The evidence for relativism

Synthese 166 (2):375-395 (2009)
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Abstract

The aim of this paper is to examine the kind of evidence that might be adduced in support of relativist semantics of a kind that have recently been proposed for predicates of personal taste, for epistemic modals, for knowledge attributions and for other cases. I shall concentrate on the case of taste predicates, but what I have to say is easily transposed to the other cases just mentioned. I shall begin by considering in general the question of what kind of evidence can be offered in favour of some semantic theory or framework of semantic theorizing. In other words, I shall begin with the difficult question of the empirical significance of semantic theorizing. In Sect. 2, I outline a relativist semantic theory, and in Sect. 3, I review four types of evidence that might be offered in favour of a relativistic framework. I show that the evidence is not conclusive because a sophisticated form of contextualism can stand up to the evidence. However, the evidence can be taken to support the view that either relativism or the sophisticated form of contextualism is correct

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Max Kölbel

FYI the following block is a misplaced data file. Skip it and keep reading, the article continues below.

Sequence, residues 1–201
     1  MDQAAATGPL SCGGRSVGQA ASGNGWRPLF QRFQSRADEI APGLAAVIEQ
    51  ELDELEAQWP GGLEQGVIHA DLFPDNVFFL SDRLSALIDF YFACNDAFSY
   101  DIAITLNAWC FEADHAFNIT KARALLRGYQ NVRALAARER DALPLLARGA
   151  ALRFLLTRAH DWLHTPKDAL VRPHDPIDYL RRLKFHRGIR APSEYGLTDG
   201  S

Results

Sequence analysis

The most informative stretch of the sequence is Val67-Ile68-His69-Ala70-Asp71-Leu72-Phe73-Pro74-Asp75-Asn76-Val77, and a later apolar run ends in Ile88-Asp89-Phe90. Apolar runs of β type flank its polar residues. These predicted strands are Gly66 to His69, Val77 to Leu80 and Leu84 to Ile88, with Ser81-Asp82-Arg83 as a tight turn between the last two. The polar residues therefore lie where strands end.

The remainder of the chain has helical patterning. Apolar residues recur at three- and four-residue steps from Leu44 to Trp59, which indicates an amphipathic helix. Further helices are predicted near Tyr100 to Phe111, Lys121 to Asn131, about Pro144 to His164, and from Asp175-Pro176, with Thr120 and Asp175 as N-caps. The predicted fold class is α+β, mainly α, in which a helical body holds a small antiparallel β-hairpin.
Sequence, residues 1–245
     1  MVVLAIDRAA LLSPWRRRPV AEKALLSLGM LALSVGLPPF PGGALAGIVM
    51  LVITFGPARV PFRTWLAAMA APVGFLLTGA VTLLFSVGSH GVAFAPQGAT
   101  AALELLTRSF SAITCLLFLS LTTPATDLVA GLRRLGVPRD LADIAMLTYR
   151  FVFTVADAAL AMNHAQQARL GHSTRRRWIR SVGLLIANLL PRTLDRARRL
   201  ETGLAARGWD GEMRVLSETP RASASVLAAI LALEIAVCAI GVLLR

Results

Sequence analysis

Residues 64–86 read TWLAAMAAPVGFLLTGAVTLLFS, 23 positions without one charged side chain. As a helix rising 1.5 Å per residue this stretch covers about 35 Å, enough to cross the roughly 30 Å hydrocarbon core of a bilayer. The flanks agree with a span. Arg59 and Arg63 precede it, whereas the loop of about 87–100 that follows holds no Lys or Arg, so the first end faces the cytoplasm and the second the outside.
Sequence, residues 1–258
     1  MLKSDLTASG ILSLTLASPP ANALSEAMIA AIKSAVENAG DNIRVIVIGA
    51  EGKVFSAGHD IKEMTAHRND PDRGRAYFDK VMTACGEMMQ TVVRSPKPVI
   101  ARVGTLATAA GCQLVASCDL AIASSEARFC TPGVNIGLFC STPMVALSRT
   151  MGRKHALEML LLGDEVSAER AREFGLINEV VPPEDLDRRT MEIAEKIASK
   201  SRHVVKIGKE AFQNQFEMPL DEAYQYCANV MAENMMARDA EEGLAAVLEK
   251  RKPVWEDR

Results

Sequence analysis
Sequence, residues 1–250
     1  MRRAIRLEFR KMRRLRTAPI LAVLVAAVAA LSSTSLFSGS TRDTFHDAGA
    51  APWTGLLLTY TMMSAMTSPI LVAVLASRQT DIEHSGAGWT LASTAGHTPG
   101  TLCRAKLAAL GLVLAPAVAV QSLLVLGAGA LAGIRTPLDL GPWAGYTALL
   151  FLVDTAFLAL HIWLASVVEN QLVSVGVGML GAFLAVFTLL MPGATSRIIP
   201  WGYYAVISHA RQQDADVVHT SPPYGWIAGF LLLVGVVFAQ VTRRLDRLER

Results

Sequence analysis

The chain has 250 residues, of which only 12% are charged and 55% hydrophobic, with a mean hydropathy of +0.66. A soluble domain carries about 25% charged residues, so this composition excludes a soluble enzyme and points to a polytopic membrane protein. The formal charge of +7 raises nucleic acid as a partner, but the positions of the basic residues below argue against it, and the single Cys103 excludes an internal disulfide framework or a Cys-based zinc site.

University of Vienna

Citations of this work

The Semantic Significance of Faultless Disagreement.Michele Palmira - 2014 - Pacific Philosophical Quarterly 96 (3):349-371.
No Deep Disagreement for New Relativists.Ragnar Francén - 2010 - Philosophical Studies 151 (1):19--37.
An Absolutist Theory of Faultless Disagreement in Aesthetics.Carl Baker & Jon Robson - 2017 - Pacific Philosophical Quarterly 98 (3):429-448.

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References found in this work

Studies in the way of words.Herbert Paul Grice - 1989 - Cambridge: Harvard University Press.
Philosophical papers.David Kellogg Lewis - 1983 - New York: Oxford University Press.
Themes From Kaplan.Joseph Almog, John Perry & Howard Wettstein (eds.) - 1989 - New York: Oxford University Press.
Languages and language.David K. Lewis - 2010 - In Darragh Byrne & Max Kölbel (eds.), Arguing about language. New York: Routledge. pp. 3-35.

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